LDS for the right ear are as follows:
105, 105, 100, 95,95,95,90 from .5 to 8kHz

left ear as follows:

105, 100, 95,95, 90,90, 80 from .5 to 8kHz

0
catlady2323

Registered:
Posts: 208
Reply with quote  #20 
Quote:
Originally Posted by Rob

Do you know what they are at the various frequencies measured in each ear?  In other words, were they measured specifically at .5kHz, 1kHz, 2kHz, and so on and do you know what they are?


Thanks for asking. My hearing is basically the same in both ears, and were measured specifically starting at .25kHz up to 8kHz. 

My results are bell shaped beginning with being able to hear at 0dB for .25kHz with an LDL of 30dB, then gradually increasing to hearing at 20dB for 1kHz with an LDL of 50dB then returning to hearing at 0dB at 8kHz with an LDL of 30dB at that frequency. 

I have never had any pain whatsoever in my ears or head, and no tinnitus. 

I do find it intriguing that the gap between when I hear a sound, and when it registers as uncomfortable to my nervous system, is 30dB, and that gap remains the same as my ability to detect a particular sound increases or decreases.

Neurobiology fascinating stuff, don't you think?

Sharon


0
aQuieterBreeze

Registered:
Posts: 2,083
Reply with quote  #21 
Sharon,

You mentioned-
I have never had any pain whatsoever in my ears or head, and no tinnitus. 

You have also mentioned that sound causes you pain.

Can you please explain what sort of pain sound causes for you, and where and how you notice it?
0
catlady2323

Registered:
Posts: 208
Reply with quote  #22 
Thanks for asking aQuieterBreeze,

I have never had any pain in my ears.  I have never been exposed to overly loud music, have never had ear infections, have no trauma to my ears.  My collapsed tolerance for sound is neurological and has always caused me real distress.

I explain it to my husband this way.  Imagine if every time you heard a riding lawnmower someone started punching you on the arm. Not real hard, but noticeable.   Now suppose that the intensity of the "punch" you feel is determined by how loud the noise is, and how many noises you are exposed to at the same time.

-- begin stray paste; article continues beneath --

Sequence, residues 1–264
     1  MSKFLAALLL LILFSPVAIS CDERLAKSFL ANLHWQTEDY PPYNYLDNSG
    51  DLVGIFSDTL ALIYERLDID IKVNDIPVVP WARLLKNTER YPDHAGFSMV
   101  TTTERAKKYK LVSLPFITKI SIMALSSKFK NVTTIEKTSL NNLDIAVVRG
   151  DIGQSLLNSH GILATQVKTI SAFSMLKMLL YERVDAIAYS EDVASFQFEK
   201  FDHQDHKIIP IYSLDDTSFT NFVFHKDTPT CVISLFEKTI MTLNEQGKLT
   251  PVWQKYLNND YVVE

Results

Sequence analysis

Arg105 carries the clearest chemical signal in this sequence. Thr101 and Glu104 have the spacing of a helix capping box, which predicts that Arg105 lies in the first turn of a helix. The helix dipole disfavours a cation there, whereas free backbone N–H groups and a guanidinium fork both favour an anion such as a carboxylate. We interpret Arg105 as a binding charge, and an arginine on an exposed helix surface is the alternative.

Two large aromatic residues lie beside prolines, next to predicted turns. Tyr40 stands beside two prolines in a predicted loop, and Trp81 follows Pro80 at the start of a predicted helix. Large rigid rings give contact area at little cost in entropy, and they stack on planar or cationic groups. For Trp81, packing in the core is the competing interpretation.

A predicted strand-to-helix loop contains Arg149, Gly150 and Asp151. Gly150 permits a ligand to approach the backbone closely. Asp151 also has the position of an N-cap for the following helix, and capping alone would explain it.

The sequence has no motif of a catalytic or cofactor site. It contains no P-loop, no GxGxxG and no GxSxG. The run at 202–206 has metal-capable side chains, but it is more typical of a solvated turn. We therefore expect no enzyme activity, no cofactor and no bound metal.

That is how noise feels to me. 

Noise quickly overloads my nervous system, and causes me to feel "assaulted".



0
Rob

Registered:
Posts: 4,049
Reply with quote  #23 
Sharon -

When a sound is too loud for you, where do you feel it? 

When a sound is too loud for you, does it hurt?   Where does it hurt? 

Rob
0
catlady2323

Registered:
Posts: 208
Reply with quote  #24 
Rob I am not sure how to answer your question. 

When sound is too loud, where do I feel it ?  Everywhere.  My entire body feels it, like how I imagine neurotypical people react to nails scratching on a chalk board.  Where specifically does that "hurt" them ?   It doesn't, but the reaction is one of extreme dislike (and avoidance), although it doesn't physically hurt in their ears (or anywhere else). 

So imagine if loud noise, or high pitched (or low pitched) sounds felt that way.  A constant exposure to nails scratching on a chalk board.  I doubt a normal person would acclimate to that sound, but instead would take great effort to avoid it, or reduce it while going about their regular daily responsibilities.

I have never had any pain in my ears.  Noise or sounds do not cause pain inside my ears or head.  I don't get headaches, or any other "physical" manifestation.  Instead my nervous system is overwhelmed and I feel a rising annoyance, aggravation, exhaustion, frustration, and then just flat out meltdown as I am exposed to greater and greater volume and/or layers of noise.

This is why I don't think TRT would work for me.   I have had 5 decades for my brain to acclimate itself to the level of noise commonly found in American society.  Since this has not occurred, and my experience has been that when I add more layers of noise (which TRT would do) that it just overloads my nervous system. 


 Kind of like plugging in too many appliances into the same outlet in your home.  It overloads the circuits, which will then short circuit. An electrical overload is when an electrical system is subjected to more of a load then it was designed to carry.  My neurology either from genetics, or poor brain development, isn't capable of handling the "load" of noise that neurotypical people can handle.  
TRT would just be one more source of noise loading onto the "circuit" of my nervous system.

Did this answer your question? 



0
Johnloudb

Registered:
Posts: 1,951
Reply with quote  #25 

Sharon, like you say, that actually sounds more like misophonia, or an aversion to sounds,  than hyperacusis.  And just exposing yourself to sounds to acclimate to the sound isn't TRT. TRT is about gradually facing your disaffections and changing how you respond to the sound, thinking good thoughts. And, maybe CBT would could help you? Don't know, but it couldn't hurt to try.

I used to feel the same way about my mom vacuuming above my room. And while it didn't usually hurt it would drive me nuts and things would escalate. Sometimes it would hurt or I'd get get a headache, but not usually.

When you first showed up on the Network you said that sound did hurt your ears, and that when you quit going out you found your ears quit hurting. Maybe that's just how you were describing your problem without going into detail?

If you fear or have a strong dislike of your symptoms that could be a roadblock to making progress. That's where good thoughts come in.